Effects of vitamin D supplementation on bone turnover markers and other bone-related substances in subjects with vitamin D deficiency
Journal article, Peer reviewed
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Original versionBone. 2019, 124 7-13. 10.1016/j.bone.2019.04.002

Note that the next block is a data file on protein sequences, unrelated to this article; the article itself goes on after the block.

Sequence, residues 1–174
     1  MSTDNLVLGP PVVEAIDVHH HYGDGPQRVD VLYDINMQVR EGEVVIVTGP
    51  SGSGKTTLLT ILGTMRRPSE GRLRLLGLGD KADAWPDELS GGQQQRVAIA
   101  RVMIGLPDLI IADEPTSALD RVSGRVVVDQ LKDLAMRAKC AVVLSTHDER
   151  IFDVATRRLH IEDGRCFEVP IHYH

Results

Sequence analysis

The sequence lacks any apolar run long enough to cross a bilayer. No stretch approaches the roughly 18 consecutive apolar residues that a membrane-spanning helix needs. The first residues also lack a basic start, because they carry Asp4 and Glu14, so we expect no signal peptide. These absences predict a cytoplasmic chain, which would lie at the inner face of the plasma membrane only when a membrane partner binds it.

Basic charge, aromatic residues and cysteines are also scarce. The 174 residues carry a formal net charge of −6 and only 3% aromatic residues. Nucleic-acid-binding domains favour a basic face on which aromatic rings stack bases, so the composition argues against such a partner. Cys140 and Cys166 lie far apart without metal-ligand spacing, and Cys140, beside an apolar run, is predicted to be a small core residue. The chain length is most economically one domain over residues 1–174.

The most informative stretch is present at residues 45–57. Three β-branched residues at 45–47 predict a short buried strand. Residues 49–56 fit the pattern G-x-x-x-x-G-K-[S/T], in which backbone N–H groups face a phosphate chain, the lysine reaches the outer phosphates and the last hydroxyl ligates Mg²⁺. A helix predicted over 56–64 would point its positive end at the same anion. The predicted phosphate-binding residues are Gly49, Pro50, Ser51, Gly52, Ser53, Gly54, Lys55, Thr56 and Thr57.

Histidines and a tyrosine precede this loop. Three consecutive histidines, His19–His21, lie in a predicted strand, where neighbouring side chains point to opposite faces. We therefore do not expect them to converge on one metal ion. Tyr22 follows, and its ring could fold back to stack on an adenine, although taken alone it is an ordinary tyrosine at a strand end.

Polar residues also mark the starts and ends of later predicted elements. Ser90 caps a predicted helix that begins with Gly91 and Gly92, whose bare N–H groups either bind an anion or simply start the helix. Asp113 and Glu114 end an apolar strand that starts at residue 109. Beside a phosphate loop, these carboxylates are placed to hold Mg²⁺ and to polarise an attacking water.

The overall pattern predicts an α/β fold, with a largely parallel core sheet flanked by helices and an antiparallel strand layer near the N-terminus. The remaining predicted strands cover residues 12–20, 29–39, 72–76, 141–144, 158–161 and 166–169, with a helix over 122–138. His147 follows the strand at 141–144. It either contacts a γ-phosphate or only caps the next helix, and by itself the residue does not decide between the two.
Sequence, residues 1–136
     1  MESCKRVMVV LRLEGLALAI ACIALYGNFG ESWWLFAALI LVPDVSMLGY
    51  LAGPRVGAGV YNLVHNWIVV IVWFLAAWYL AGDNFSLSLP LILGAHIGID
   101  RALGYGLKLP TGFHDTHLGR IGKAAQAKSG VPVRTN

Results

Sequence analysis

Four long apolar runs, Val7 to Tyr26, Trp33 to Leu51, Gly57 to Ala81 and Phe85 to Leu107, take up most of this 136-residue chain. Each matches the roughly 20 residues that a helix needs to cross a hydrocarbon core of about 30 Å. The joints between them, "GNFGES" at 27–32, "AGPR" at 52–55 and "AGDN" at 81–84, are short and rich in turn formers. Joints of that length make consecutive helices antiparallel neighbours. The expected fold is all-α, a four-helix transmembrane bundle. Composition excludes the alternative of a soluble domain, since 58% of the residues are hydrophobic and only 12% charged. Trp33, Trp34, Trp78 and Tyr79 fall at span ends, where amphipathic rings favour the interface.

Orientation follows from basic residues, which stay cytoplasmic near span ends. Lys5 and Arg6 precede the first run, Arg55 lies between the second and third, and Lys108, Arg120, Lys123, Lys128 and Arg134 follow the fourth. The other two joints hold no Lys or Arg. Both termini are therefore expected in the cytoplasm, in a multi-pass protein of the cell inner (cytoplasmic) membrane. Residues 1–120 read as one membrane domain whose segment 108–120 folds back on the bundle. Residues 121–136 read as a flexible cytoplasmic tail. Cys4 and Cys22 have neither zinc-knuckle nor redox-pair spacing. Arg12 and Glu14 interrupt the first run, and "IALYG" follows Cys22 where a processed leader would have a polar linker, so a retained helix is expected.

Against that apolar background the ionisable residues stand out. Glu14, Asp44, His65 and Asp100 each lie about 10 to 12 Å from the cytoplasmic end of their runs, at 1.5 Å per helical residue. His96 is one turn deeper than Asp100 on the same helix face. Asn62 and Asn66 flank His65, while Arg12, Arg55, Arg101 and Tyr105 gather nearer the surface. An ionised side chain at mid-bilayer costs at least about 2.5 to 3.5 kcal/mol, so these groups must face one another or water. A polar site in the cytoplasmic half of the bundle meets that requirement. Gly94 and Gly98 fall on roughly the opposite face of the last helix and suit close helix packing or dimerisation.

In observational studies, vitamin D deficiency is a risk factor for low bone density and future fractures, whereas a causal relation has been difficult to show in randomized controlled trials (RCTs). Similarly, vitamin D deficiency has been associated with increased bone turnover, but RCTs with vitamin D have not shown conclusive effects. This could be due to inclusion of vitamin D sufficient subjects and low vitamin D doses. In the present study 399 subjects with mean baseline serum 25-hydroxyvitamin D (25(OH)D) 34.0 nmol/L completed a four months intervention with vitamin D3 20,000 IU per week versus placebo. Mean serum 25(OH)D increased to 89.0 nmol/L in the vitamin D group and decreased slightly in the placebo group. A small, but significant, decrease in the bone formation marker procollagen of type 1 amino-terminal propeptide (P1NP) was seen in the vitamin D group as compared to the placebo group (mean delta P1NP -1.2 pg/mL and 1.5 ng/mL, respectively, P < 0.01). No significant effects were seen on serum carboxyl-terminal telopeptide of type 1 collagen (CTX-1), Dickkopf-1, sclerostin, tumor necrosis factor-alpha, osteoprotegerin, receptor activator of nuclear factor ĸB ligand, or leptin. Subgroup analyses on subjects with low baseline serum 25(OH)D did not yield additional, significant results. In subjects with high baseline serum parathyroid hormone (PTH) > 6.5 pmol/L and post-intervention decrease in PTH, the decrease in P1NP was more pronounced, they also exhibited significantly reduced serum CTX-1 and increased serum sclerostin. In conclusion, supplementation with vitamin D appears to suppress bone turnover, possibly mediated by PTH reduction. Our findings need to be confirmed in even larger cohorts with vitamin D insufficient subjects.